高级算法 (Fall 2019)/Finite Field Basics

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Field

Let [math]S[/math] be a set, closed under binary operations [math]+[/math] (addition) and [math]\cdot[/math] (multiplication). It gives us the following algebraic structures if the corresponding set of axioms are satisfied.

Structures Axioms Operations
field commutative
ring
ring abelian
group
group monoid semigroup 1. Addition is associative: [math]\forall x,y,z\in S, (x+y)+z= x+(y+z).[/math] [math]+[/math]
2. Existence of additive identity 0: [math]\forall x\in S, x+0= 0+x=x.[/math]
3. Everyone has an additive inverse: [math]\forall x\in S, \exists -x\in S, \text{ s.t. } x+(-x)= (-x)+x=0.[/math]
4. Addition is commutative: [math]\forall x,y\in S, x+y= y+x.[/math]
5. Multiplication distributes over addition: [math]\forall x,y,z\in S, x\cdot(y+z)= x\cdot y+x\cdot z[/math] and [math](y+z)\cdot x= y\cdot x+z\cdot x.[/math] [math]+,\cdot[/math]
6. Multiplication is associative: [math]\forall x,y,z\in S, (x\cdot y)\cdot z= x\cdot (y\cdot z).[/math] [math]\cdot[/math]
7. Existence of multiplicative identity 1: [math]\forall x\in S, x\cdot 1= 1\cdot x=x.[/math]
8. Multiplication is commutative: [math]\forall x,y\in S, x\cdot y= y\cdot x.[/math]
9. Every non-zero element has a multiplicative inverse: [math]\forall x\in S\setminus\{0\}, \exists x^{-1}\in S, \text{ s.t. } x\cdot x^{-1}= x^{-1}\cdot x=1.[/math]

The semigroup, monoid, group and abelian group are given by [math](S,+)[/math], and the ring, commutative ring, and field are given by [math](S,+,\cdot)[/math].

Examples:

  • Infinite fields: [math]\mathbb{Q}[/math], [math]\mathbb{R}[/math], [math]\mathbb{C}[/math] are fields. The integer set [math]\mathbb{Z}[/math] is a commutative ring but is not a field.
  • Finite fields: Finite fields are called Galois fields. The number of elements of a finite field is called its order. A finite field of order [math]q[/math], is usually denoted as [math]\mathsf{GF}(q)[/math] or [math]\mathbb{F}_q[/math].
    • Prime field [math]{\mathbb{Z}_p}[/math]: For any integer [math]n\gt 1[/math], [math]\mathbb{Z}_n=\{0,1,\ldots,n-1\}[/math] under modulo-[math]p[/math] addition [math]+[/math] and multiplication [math]\cdot[/math] forms a commutative ring. It is called quotient ring, and is sometimes denoted as [math]\mathbb{Z}/n\mathbb{Z}[/math]. In particular, for prime [math]p[/math], [math]\mathbb{Z}_p[/math] is a field. This can be verified by Fermat's little theorem.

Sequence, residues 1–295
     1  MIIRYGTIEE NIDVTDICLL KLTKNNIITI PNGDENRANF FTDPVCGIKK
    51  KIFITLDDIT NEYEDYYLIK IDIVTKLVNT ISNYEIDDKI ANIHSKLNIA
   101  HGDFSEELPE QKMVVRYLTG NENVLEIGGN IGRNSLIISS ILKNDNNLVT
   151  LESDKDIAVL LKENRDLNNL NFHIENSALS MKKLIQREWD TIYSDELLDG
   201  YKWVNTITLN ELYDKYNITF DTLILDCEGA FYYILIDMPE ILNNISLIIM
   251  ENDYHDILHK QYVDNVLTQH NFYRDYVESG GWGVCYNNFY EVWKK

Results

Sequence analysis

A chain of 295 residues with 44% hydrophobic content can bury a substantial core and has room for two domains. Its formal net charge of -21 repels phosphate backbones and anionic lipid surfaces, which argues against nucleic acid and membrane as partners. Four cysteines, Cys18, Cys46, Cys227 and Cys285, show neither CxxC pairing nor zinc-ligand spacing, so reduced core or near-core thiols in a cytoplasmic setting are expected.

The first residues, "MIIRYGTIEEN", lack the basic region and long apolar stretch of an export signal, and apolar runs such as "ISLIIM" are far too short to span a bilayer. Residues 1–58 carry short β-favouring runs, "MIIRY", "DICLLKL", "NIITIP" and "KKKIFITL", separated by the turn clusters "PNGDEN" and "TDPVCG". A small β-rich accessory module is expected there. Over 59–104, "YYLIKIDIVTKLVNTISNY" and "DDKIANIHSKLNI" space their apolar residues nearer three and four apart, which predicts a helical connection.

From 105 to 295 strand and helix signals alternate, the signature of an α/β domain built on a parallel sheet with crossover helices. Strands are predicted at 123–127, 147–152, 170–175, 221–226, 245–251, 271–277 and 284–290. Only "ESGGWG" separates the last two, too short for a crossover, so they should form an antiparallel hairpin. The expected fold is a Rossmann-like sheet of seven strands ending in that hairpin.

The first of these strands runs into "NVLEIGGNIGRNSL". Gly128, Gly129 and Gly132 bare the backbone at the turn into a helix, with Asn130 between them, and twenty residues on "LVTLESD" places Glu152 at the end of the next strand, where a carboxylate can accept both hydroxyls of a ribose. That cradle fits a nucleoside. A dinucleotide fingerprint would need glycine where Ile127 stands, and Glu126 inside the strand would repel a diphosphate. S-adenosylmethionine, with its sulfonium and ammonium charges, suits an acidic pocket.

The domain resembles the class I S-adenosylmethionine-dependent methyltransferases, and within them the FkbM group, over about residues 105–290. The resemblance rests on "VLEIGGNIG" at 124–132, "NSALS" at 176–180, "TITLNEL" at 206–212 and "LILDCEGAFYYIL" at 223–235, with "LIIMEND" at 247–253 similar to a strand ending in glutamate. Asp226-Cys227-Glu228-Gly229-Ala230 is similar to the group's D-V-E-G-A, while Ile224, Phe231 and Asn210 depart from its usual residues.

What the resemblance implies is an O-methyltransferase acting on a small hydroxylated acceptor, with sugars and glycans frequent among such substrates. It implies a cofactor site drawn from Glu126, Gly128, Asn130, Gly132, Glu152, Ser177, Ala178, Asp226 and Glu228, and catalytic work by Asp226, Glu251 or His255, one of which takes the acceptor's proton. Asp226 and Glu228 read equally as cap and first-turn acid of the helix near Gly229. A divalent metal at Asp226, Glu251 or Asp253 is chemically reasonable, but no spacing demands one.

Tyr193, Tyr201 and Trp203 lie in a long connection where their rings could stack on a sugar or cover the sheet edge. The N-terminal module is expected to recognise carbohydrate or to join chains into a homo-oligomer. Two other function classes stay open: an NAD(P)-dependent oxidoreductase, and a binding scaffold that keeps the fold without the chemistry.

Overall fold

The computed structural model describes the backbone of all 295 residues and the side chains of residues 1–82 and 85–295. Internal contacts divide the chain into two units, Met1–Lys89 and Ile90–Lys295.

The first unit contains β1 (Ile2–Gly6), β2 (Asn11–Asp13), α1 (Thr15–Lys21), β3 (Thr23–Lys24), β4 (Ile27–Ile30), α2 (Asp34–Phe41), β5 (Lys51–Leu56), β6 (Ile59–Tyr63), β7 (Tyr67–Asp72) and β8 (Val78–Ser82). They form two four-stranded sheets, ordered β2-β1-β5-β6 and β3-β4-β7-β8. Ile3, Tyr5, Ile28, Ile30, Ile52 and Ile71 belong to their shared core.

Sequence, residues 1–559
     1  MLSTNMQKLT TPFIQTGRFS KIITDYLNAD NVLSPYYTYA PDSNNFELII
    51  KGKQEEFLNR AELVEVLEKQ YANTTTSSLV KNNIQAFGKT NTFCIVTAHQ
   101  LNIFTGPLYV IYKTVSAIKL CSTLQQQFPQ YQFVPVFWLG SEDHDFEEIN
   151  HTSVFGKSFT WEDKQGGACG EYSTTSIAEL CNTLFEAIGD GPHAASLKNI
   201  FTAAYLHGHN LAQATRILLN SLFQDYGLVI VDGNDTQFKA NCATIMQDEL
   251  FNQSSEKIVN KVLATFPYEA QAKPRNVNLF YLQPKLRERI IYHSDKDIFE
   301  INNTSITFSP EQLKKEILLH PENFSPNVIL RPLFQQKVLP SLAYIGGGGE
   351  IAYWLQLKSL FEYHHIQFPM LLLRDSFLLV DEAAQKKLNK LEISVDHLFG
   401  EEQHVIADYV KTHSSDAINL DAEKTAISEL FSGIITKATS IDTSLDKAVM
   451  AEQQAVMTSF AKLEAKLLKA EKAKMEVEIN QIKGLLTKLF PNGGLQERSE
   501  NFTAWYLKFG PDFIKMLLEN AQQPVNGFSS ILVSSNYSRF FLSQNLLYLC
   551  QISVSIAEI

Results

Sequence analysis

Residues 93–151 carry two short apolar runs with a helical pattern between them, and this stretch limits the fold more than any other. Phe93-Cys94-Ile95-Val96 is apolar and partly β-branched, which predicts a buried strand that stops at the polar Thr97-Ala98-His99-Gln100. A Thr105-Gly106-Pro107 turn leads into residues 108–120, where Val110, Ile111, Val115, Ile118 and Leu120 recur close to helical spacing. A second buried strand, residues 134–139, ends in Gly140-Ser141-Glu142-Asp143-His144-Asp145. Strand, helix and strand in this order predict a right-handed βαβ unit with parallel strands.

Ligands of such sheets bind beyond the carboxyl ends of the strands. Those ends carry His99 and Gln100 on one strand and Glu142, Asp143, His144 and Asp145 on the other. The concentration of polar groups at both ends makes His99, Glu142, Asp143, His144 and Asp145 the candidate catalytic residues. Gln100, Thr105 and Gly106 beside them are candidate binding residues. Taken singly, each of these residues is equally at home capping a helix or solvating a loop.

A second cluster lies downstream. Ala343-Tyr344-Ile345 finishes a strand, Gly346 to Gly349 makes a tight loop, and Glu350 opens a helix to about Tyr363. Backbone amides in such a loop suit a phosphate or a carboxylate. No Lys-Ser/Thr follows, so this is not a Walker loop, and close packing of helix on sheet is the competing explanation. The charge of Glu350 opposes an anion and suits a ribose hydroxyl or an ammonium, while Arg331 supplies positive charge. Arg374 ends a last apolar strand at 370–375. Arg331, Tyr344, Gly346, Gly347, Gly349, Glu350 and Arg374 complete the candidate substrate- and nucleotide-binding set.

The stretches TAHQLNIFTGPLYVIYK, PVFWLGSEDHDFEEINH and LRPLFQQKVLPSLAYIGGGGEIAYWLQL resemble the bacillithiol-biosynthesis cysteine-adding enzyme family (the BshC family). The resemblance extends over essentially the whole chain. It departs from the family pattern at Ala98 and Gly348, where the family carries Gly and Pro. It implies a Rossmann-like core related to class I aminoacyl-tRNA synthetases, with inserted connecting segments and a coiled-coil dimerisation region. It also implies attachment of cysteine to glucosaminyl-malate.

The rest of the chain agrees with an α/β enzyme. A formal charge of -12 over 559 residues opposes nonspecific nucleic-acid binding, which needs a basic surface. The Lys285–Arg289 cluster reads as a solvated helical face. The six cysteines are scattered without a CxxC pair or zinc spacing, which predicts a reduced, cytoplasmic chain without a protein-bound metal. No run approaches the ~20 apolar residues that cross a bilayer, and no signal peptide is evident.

• Boolean arithmetics [math]\mathsf{GF}(2)[/math]: The finite field of order 2 [math]\mathsf{GF}(2)[/math] contains only two elements 0 and 1, with bit-wise XOR as addition and bit-wise AND as multiplication. [math]\mathsf{GF}(2^n)[/math]
    • Other examples: There are other examples of finite fields, for instance [math]\{a+bi\mid a,b\in \mathbb{Z}_3\}[/math] where [math]i=\sqrt{-1}[/math]. This field is isomorphic to [math]\mathsf{GF}(9)[/math]. In fact, the following theorem holds for finite fields of given order.
Theorem
A finite field of order [math]q[/math] exists if and only if [math]q=p^k[/math] for some prime number [math]p[/math] and positive integer [math]k[/math]. Moreover, all fields of a given order are isomorphic.

Polynomial over a field

Given a field [math]\mathbb{F}[/math], the polynomial ring [math]\mathbb{F}[x][/math] consists of all polynomials in the variable [math]x[/math] with coefficients in [math]\mathbb{F}[/math]. Addition and multiplication of polynomials are naturally defined by applying the distributive law and combining like terms.

Proposition (polynomial ring)
[math]\mathbb{F}[x][/math] is a ring.

The degree [math]\mathrm{deg}(f)[/math] of a polynomial [math]f\in \mathbb{F}[x][/math] is the exponent on the leading term, the term with a nonzero coefficient that has the largest exponent.

Because [math]\mathbb{F}[x][/math] is a ring, we cannot do division the way we do it in a field like [math]\mathbb{R}[/math], but we can do division the way we do it in a ring like [math]\mathbb{Z}[/math], leaving a remainder. The equivalent of the integer division for [math]\mathbb{Z}[/math] is as follows.

Proposition (division for polynomials)
Given a polynomial [math]f[/math] and a nonzero polynomial [math]g[/math] in [math]\mathbb{F}[x][/math], there are unique polynomials [math]q[/math] and [math]r[/math] such that [math]f =q\cdot g+r[/math] and [math]\mathrm{deg}(r)\lt \mathrm{deg}(g)[/math].

The proof of this is by induction on [math]\mathrm{deg}(f)[/math], with the basis [math]\mathrm{deg}(f)\lt \mathrm{deg}(g)[/math], in which case the theorem holds trivially by letting [math]q=0[/math] and [math]r=f[/math].

As we turn [math]\mathbb{Z}[/math] (a ring) into a finite field [math]\mathbb{Z}_p[/math] by taking quotients [math]\bmod p[/math], we can turn a polynomial ring [math]\mathbb{F}[x][/math] into a finite field by taking [math]\mathbb{F}[x][/math] modulo a "prime-like" polynomial, using the division of polynomials above.

Definition (irreducible polynomial)
An irreducible polynomial, or a prime polynomial, is a non-constant polynomial [math]f[/math] that cannot be factored as [math]f=g\cdot h[/math] for any non-constant polynomials [math]g[/math] and [math]h[/math].